This story originally appeared in the Feb. 13, 2017, issue of Sports Illustrated. Subscribe to the magazine here.
The six Swanigan children were all substantial, and they were nicknamed accordingly. First came Fat Cat (Carl Jr.), then Ice Cream (Corey), Fat and Sug (twins Crystal and Candance), Applehead Cut The Bull (Courtland) and, finally, Biggie (Caleb), the largest of Tanya’s babies at 24 inches, nine pounds and three ounces. He kept growing into his name, standing 6' 2″ and weighing 360 pounds by age 13, and now Biggie was listening to his new guardian, Roosevelt (Rose) Barnes, tell him something preposterously grandiose as they worked out on an indoor court in Fort Wayne, Ind., during the summer of 2011.
“You’re the best power forward in the world! Nobody can stop you!”
Biggie rolled his eyes. His vertical was a few inches, max, and if asked to run, all he could do was shuffle. But Barnes, a sports agent who played baseball, basketball and football at Purdue and then spent four seasons as a linebacker with the Lions, wanted Biggie to believe in his potential. So as they went through a progression of baby hooks, drop-steps and the like, Barnes instructed his protégé, “Say it back to me: I’m the best power forward in the world.
“Come on. Say it.”
Reluctantly, Biggie gave in. Two weeks earlier Carl Jr. had persuaded him to fly from Salt Lake City to Fort Wayne to live with Barnes. The family had met Barnes in Indiana in 2003, after they’d fled Utah on a bus with Tanya, who was seeking refuge from their father, Carl Sr., in a domestic violence shelter. “What I endured was horrific,” Tanya says, “and I did my best to keep our heads above water.” But theirs was a nomadic existence among apartments and shelters in Utah and Indiana. Carl Jr. wanted Barnes to adopt Biggie, to give him stability and a shot at the NBA.
Biggie had emerged from the Fort Wayne airport that June carrying all his possessions in a single duffel bag, waddling toward Barnes’s car in his one good outfit: a shirt, tie and khakis. He was a full two inches shorter and 100 pounds heavier than Fat Cat had described over the phone. After Biggie quickly became exhausted in their first workout, Barnes took him to a cardiologist to check if he had heart problems. Biggie passed all the stress tests, and this gave Barnes the assurance he needed to proceed: “He’s not going to die.”
That was where Project Biggie began, and six years later Caleb Swanigan is 6' 9″ and—after strict dieting and relentless training—250 pounds. He arrived at Purdue in the fall of 2015 as a McDonald’s All-American after graduating from Fort Wayne’s Homestead High in just three years, then averaged 10.2 points and 8.3 rebounds for a Boilermakers team that was upset by Arkansas–Little Rock in the first round of the NCAA tournament. He has since made the leap from solid freshman starter to dominant sophomore force, with statistical production at a level not seen since Blake Griffin’s sophomore season at Oklahoma, in 2008–09.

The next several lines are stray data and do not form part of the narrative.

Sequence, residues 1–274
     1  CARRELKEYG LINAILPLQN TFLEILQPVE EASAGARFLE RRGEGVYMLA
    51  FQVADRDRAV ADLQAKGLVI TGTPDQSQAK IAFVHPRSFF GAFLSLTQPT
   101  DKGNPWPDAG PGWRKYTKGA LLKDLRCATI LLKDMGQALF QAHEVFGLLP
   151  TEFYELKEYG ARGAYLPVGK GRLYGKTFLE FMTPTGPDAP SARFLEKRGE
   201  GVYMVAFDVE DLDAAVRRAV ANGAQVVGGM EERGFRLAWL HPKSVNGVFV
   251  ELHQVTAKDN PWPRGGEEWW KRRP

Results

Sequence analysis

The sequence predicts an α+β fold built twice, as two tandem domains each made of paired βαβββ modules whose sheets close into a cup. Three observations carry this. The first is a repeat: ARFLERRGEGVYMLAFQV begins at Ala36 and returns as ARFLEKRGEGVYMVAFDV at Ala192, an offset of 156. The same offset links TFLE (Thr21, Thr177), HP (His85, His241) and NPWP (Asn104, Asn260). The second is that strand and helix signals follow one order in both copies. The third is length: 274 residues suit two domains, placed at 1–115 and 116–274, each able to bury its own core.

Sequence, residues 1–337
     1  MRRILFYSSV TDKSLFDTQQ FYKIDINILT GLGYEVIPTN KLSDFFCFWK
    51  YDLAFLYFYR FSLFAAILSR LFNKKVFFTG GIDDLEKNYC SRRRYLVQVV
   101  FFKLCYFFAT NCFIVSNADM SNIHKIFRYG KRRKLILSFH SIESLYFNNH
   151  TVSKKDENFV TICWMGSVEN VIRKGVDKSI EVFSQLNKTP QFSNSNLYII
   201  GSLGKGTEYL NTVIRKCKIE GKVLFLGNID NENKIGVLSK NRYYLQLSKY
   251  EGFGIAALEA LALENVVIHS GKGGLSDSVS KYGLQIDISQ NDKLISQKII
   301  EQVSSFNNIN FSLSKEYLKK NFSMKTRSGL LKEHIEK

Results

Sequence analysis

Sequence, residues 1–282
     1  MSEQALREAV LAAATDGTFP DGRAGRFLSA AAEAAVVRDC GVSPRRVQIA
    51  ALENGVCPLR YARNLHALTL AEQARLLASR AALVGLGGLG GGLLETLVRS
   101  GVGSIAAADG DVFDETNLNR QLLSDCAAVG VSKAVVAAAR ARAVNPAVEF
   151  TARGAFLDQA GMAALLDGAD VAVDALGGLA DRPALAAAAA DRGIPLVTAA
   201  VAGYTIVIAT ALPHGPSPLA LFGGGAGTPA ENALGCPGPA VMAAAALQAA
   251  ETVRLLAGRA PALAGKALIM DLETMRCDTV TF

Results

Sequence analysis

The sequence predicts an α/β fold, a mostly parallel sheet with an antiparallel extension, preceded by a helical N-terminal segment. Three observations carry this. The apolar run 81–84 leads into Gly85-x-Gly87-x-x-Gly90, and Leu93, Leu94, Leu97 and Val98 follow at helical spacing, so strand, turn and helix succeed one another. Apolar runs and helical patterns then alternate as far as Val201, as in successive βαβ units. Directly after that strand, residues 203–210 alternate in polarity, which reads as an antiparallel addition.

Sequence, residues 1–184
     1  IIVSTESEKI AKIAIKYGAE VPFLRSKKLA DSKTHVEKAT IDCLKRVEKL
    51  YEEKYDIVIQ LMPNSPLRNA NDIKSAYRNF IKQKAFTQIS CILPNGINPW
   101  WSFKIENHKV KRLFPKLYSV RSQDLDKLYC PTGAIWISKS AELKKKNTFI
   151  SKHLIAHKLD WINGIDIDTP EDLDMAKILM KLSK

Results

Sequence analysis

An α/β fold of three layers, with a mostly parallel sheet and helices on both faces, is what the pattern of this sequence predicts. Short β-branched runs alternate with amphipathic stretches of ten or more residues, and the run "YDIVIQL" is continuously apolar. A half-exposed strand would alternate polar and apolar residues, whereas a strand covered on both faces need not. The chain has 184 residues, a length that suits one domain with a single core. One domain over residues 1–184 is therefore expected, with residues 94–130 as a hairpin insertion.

Averaging 19.0 points and 12.8 rebounds for the No. 16 Boilermakers, Biggie is a near-lock to be first-team All-America. He has 21 double doubles in 25 games (including four with at least 20 points and 20 rebounds); the highest defensive rebound percentage (33.2%) by a major-conference player in kenpom.com’s database; and a chance to become the first since Griffin to average 13 boards in this millennium.
Biggie can now use brute force to score on the block and a soft touch to make threes, and he can pass deftly out of the post or in high-low situations. He is not yet the best power forward in the world, but he has become the best one in college basketball, where no one, this season, has been able to stop him.
Biggie has always been Biggie, but his story is a series of transformations, some as public as his shrinking waistline, some as private as what happened last September, when a guest speaker came to address the Boilermakers in their film room at Mackey Arena.
Chris Herren was a 1990s phenom at Fresno State whose story of drug addiction and recovery was the subject of a 2011 ESPN documentary. Herren has spoken to hundreds of teams since, and while he encourages his audiences to engage, he says it’s rare for college players to show much vulnerability. But at Purdue, as Herren talked about putting his alcoholic father in rehab and repairing his relationship with his high-school-age son—how he is trying to do the right things but knows there were many ways he failed—it hit Biggie right in the heart.
“Your son definitely does appreciate you,” Biggie told Herren. “I lost my father to addiction; I know what it’s like to see someone never make it back from that side. For you to make it back for him….”
From there, something opened up inside Biggie, who’d been named one of the team’s four captains in the off-season. “When he was done talking, there were guys in tears,” says junior point guard and co-captain P.J. Thompson. “Most of them had no idea.” Vince Edwards, another junior co-captain, says, “There were times last year when we felt like we couldn’t reach Biggie; he’d get so angry that he just couldn’t hear us. After that, it was like, O.K., I understand where it’s coming from.” Says Herren, “It was a breakthrough moment for all of us.”